• Another week, another white person trying and failing to make comedy out of the N-word. The latest offender/lesson-learner: Sharon Needles, winner of this year's RuPaul's Drag Race and Pride weekend headliner at Neumos's "Hey Tranny It's Tranny" show. While defending the comedic use of the semicontroversial "tranny," Needles pointed to many other much more offensive words, dropping some N-bombs that stunk up the joint like a nuclear-grade broccoli fart. Needles reportedly apologized.

• At the June 21 performance of The Damnation of Faust, an electronic beeping sound from the balcony went on so long that conductor Ludovic Morlot had to halt the show. While the Seattle Symphony, Symphony Chorale, and vocal soloists sat onstage waiting, ushers ran around frantically looking for the source. The culprit? An elderly woman's locator beacon, nestled in her purse. Are Seattle audiences too passive even to call out a beeper in the next seat over?

• According to the Ballard News-Tribune, the Amber Den is temporarily closed, set to reopen next month with a full bar, a new menu, and an "overhauled neighborhood attitude." The Amber Den is one of approximately 197 new bars in Ballard, making the neighborhood definitely feel overhauled, but can they all survive?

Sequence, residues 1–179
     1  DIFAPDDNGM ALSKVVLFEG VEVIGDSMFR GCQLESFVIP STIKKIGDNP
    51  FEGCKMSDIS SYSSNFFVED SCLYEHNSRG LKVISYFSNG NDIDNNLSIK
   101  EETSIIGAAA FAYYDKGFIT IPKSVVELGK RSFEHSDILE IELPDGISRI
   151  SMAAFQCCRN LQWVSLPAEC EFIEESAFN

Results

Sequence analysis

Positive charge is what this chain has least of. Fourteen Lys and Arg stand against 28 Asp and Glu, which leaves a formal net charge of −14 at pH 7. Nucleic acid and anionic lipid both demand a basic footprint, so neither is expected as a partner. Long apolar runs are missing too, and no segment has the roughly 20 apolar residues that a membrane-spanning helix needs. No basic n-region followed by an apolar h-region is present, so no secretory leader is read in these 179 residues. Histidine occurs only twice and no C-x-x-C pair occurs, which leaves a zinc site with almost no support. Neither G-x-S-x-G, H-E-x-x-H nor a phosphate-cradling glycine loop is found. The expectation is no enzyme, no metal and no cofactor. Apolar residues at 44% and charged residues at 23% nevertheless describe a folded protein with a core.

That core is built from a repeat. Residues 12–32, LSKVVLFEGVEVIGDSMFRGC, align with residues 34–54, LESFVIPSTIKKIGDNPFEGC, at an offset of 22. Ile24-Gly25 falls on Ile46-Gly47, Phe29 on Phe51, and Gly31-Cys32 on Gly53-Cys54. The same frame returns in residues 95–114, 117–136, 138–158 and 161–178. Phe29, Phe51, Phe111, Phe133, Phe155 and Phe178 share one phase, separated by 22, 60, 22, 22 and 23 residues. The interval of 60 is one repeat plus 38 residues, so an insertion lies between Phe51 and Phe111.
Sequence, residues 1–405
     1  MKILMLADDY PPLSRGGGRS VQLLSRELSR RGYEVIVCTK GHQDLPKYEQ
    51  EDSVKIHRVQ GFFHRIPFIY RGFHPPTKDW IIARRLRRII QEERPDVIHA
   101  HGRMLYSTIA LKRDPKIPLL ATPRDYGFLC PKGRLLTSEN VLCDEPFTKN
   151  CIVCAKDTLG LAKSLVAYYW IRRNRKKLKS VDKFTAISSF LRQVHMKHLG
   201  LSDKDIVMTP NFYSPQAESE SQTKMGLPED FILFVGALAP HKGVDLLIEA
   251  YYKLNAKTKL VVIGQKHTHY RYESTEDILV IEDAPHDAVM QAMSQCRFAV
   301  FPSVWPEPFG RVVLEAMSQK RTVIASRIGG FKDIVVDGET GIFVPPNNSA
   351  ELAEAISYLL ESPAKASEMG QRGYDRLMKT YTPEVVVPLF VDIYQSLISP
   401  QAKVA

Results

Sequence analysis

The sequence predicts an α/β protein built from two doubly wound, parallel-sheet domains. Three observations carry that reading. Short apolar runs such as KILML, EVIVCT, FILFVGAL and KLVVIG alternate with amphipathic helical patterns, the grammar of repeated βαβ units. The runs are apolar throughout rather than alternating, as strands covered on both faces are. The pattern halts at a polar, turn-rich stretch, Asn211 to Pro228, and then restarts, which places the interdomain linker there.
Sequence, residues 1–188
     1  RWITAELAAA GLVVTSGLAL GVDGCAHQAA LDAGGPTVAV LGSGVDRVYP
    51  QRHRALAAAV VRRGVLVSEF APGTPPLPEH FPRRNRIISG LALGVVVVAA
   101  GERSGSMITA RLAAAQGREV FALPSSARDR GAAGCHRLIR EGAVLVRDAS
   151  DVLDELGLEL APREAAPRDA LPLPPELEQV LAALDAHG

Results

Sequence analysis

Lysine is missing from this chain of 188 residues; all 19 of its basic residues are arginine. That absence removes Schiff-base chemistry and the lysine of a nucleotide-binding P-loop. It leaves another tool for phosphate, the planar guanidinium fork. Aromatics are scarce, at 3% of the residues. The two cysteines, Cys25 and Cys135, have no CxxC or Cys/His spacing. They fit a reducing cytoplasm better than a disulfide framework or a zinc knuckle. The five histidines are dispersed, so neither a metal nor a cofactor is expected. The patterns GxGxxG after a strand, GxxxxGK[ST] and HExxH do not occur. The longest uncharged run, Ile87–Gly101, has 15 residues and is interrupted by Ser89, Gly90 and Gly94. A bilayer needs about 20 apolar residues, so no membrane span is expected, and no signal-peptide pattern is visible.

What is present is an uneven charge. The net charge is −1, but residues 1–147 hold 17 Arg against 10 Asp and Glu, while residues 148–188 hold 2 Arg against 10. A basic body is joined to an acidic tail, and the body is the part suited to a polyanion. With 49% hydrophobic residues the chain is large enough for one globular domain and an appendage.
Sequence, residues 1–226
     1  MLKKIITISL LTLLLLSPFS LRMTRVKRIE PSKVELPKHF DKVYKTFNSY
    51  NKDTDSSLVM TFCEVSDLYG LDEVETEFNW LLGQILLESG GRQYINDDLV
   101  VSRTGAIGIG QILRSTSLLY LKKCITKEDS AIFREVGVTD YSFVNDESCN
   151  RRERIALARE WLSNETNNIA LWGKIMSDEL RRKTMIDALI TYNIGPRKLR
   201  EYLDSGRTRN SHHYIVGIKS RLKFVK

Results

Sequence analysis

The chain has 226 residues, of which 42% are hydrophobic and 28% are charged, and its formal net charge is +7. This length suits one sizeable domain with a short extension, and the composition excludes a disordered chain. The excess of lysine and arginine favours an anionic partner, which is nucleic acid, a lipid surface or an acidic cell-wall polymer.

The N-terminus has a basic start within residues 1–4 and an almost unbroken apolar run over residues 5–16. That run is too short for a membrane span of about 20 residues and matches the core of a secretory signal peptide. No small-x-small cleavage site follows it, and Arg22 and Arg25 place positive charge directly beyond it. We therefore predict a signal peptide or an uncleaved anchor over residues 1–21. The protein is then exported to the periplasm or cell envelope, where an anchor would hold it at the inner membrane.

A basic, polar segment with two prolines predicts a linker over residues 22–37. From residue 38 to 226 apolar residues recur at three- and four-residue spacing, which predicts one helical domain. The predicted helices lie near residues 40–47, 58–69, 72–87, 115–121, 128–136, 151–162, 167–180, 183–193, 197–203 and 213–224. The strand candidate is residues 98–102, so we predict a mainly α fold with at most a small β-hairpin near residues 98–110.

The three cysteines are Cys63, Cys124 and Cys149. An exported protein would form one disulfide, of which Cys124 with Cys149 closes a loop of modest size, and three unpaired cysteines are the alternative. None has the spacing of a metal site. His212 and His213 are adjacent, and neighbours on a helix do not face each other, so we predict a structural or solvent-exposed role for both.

• Ill Cosby, a key figure in Seattle's vital electronic-music scene, is moving to Washington, DC, in July. Cosby made his mark as boss of the excellent future-bass label Car Crash Set, as well as in trailblazing work as a producer, DJ, and host of an internet radio show on sub.fm. He will be missed.

• Anthony Bourdain wore a T-shirt printed with local artist Laura Castellanos's grim-faced character "Bummerbunny" on his traveling food show No Reservations.

• Travel writer and PBS celebrity Rick Steves recently spent an evening at the immersive dinner theater Cafe Nordo. Afterward, a member of the cast/waitstaff Facebooked, "Chef Nordo pleases Rick Steves. Rick Steves, however, is a shitty tipper."

• Central Cinema's recent run of Top Gun surprised waitstaff as the insistent on-screen tongue wrassling of Tom Cruise and Kelly McGillis inspired rampant making-out among audiences packed with twentysomethings.

Vincent Kitch, the head of the city's Office of Arts & Cultural Affairs hired by Mayor McGinn last February, continues to be almost startlingly absent from events or public dialogue about culture in Seattle. Aside from SIFF's opening night, the city's arts community has not seen or heard from him in months. recommended

This article has been updated since its original publication.